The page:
Mrs Biggs -:- Ronnie takes part in the Great Train Robbery and returns home to a horrified Charmian. She is aware of the magnitude of the crime and knows the stability of their family has been jeopardised for ever - and this proves to be the case when he is arrested and sentenced to 30 years in prison. Disowned by her loved ones, Charmian must navigate her way through an extortion attempt while facing up to the prospect of raising their children alone. Drama, starring Sheridan Smith and Daniel Mays

Night Train to Lisbon (2013) -:- An academic impulsively pursues a woman he met by chance, leading to him abandoning his job to follow her to Lisbon. On the journey, he reads a book belonging to her, and is inspired by the philosopher who wrote it. He sets out to track down everyone who knew the author to discover the story of his life. Drama based on Pascal Mercier's novel, starring Jeremy Irons and Melanie Laurent

Oli Wyn -:- The steam train crew prepares the tracks as the Vale of Rheidol's steam train makes plans to venture out on its first journey following the winter

Paddington Station 24/7 -:- A driver raises the alarm when he suspects that his train has hit something - or someone - on the line, while heavy rain brings down a tree which closes the tracks between Banbury and Oxford. Plus, engineers begin the process of dismantling a Victorian viaduct

Paddington Station 24/7 -:- In preparation for its launch of a new fleet of intercity express trains, Great Western Railway and Network Rail work hard to upgrade the track and the stations serve them. To mark the 175th anniversary of Queen Victoria becoming the first monarch to travel by train, the Queen will make the same journey from Slough to Paddington on one of the new trains. Further along the line at Reading, revenue protection inspector Lyn has been alerted to a man travelling without a ticket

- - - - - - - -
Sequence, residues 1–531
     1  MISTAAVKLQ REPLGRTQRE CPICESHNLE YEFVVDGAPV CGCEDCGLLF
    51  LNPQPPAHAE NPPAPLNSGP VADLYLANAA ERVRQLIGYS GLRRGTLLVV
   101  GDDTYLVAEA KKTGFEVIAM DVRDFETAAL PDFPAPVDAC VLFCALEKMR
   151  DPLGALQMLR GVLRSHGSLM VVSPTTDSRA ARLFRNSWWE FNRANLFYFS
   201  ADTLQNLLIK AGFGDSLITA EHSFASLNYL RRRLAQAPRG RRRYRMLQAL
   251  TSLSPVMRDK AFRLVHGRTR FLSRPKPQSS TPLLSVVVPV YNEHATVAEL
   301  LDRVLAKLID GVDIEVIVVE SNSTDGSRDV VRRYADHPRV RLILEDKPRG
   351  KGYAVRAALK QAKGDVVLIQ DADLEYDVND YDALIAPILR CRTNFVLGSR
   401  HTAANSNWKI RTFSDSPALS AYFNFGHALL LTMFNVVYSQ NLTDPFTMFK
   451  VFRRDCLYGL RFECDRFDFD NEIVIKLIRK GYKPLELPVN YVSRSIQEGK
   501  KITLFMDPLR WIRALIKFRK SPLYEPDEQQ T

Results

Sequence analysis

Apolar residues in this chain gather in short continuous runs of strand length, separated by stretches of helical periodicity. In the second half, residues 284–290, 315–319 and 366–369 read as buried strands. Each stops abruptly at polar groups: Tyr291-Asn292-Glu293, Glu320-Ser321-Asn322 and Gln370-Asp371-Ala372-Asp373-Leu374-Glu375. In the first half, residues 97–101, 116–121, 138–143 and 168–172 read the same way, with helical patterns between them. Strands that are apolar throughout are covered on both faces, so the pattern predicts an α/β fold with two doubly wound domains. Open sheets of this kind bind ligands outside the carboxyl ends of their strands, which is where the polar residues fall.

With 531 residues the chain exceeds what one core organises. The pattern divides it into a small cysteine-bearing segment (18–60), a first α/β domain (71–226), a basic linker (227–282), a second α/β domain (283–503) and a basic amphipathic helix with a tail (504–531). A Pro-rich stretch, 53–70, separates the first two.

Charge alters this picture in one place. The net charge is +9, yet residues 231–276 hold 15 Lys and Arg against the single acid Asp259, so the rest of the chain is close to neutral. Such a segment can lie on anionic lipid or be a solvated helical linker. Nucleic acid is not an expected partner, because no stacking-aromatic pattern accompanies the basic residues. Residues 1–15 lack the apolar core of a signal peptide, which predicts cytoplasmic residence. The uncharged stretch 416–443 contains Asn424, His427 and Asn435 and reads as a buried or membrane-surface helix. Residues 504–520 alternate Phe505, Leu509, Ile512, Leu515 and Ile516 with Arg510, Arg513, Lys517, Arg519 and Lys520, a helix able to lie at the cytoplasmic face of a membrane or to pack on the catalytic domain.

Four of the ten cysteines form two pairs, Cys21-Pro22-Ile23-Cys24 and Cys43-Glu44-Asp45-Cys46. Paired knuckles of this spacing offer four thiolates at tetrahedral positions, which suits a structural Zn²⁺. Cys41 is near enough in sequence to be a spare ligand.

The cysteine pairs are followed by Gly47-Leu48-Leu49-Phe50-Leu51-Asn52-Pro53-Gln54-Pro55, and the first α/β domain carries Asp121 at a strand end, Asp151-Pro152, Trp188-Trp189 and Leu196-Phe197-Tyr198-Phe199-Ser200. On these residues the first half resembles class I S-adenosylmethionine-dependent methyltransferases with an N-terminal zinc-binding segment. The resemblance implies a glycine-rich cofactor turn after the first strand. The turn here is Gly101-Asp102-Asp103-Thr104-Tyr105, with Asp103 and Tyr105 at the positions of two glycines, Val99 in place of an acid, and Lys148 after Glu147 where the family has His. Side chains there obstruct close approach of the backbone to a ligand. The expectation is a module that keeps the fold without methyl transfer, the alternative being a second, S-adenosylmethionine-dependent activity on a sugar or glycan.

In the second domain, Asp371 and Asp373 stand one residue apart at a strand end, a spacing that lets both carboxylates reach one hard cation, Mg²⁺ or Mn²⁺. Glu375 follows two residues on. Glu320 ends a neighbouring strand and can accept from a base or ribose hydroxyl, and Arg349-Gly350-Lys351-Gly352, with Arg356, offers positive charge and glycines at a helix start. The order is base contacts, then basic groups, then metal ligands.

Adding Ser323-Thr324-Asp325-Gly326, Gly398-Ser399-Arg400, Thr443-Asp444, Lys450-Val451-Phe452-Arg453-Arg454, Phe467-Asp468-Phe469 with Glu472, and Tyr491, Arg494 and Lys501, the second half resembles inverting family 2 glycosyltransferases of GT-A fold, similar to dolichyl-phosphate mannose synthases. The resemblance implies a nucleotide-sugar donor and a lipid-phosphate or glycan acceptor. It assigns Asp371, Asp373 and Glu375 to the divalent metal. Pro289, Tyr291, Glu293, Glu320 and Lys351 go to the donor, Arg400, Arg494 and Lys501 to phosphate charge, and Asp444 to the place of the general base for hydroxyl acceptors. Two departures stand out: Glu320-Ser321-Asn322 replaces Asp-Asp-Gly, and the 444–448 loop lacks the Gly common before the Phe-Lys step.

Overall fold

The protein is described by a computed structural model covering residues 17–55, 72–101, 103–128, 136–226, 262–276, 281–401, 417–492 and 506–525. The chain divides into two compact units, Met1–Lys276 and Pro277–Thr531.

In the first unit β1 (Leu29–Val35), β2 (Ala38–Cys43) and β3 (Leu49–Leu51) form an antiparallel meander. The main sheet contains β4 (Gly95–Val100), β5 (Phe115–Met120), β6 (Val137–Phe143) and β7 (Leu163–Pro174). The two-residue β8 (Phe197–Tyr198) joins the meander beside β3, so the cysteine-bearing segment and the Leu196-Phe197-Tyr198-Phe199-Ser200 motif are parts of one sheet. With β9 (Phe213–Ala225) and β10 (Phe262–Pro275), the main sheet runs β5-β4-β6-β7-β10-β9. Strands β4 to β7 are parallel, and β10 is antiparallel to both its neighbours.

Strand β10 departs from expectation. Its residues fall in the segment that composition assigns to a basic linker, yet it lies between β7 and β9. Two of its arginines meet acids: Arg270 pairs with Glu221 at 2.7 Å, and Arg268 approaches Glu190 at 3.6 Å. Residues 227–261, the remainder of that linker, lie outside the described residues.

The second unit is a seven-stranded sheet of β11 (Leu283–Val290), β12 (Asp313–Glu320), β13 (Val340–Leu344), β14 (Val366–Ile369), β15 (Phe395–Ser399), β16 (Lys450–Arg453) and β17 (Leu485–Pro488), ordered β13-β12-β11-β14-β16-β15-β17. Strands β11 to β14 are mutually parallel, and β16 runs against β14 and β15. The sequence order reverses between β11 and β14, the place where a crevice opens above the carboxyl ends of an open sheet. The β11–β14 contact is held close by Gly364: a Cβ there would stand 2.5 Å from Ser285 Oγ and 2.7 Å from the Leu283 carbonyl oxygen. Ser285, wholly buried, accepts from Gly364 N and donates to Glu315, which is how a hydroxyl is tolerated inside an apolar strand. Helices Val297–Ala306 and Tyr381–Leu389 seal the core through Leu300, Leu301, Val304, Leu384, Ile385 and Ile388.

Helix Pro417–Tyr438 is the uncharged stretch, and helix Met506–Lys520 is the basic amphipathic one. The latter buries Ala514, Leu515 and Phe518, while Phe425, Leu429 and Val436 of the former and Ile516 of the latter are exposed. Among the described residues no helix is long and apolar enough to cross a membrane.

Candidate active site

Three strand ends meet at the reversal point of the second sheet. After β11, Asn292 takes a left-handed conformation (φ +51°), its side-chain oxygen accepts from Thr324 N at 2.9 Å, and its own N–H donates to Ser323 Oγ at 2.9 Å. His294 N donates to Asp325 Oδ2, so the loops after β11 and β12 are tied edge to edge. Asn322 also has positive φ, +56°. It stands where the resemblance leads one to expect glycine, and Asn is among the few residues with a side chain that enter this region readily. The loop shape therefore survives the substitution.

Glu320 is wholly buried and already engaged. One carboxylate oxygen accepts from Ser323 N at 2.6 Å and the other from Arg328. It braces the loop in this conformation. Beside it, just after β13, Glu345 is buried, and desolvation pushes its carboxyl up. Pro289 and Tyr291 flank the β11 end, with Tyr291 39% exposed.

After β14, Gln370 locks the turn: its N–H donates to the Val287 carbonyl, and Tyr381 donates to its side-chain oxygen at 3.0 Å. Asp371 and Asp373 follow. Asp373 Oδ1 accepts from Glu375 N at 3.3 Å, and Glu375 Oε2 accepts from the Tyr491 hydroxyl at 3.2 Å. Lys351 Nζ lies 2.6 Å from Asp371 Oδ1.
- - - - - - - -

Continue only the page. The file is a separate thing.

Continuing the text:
Paddington Station 24/7 -:- Mobile operations manager Jane is called to Burnham, Buckinghamshire, where a van has struck a bridge, and it is up to her to assess whether any significant damage has been caused to the railway line that runs over it. When a train breaks down on platform 15 of Reading station, staff are under pressure to identify and rectify the issue as quickly as possible to avoid any widespread delays, but fixing a fault with the brakes proves to be very complex

Paddington Station 24/7 -:- Sunday's services grind to a halt when the 11.57 service to Penzance derails as it is departing, while a knife-carrying passenger causes concern in Bristol. Elsewhere, a team of specialists clean the mats laid down to protect the tracks from the actions of passengers ignoring the signs advising them not to flush onboard toilets while the trains are in the station

Snow -:- Documentary about the impact of cold weather on British railways in 1963

The Architecture the Railways Built -:- Tim Dunn visits the Ffestiniog in North Wales originally built to transport slate from mountain to coast and learns about Amsterdam Centraal

The Big Snow of '82 -:- News archive, home movies and interviews with celebrities are combined to look back at the extreme weather that hit Britain in December and January 40 years ago. Stories covered include a deadly train crash caused by a blizzard, as well as the Penlee lifeboat disaster, daring motorway rescues and RAF helicopters delivering lifesaving parcels to stranded Highlanders

The Repair Shop -:- The experts use their restoration skills on an ancient penny farthing bicycle, a battered leather briefcase and a clocking-on clock from the British Rail depot in Crewe

The Stranger Wore a Gun (1953) -:- A spy for the Confederacy during the American Civil War decides to make a fresh start after the conflict, and takes a job working for a railroad freight company. However, his past catches up with him in the form of a former ally who is now the leader of a gang of bandits and is plotting a train robbery. Western, starring Randolph Scott and Claire Trevor

Train Cruise -:- Train rides provide panoramas of landscapes and lifestyles, with opportunities to hop off and meet the people. The tracks run to well-known and less-explored parts of Japan.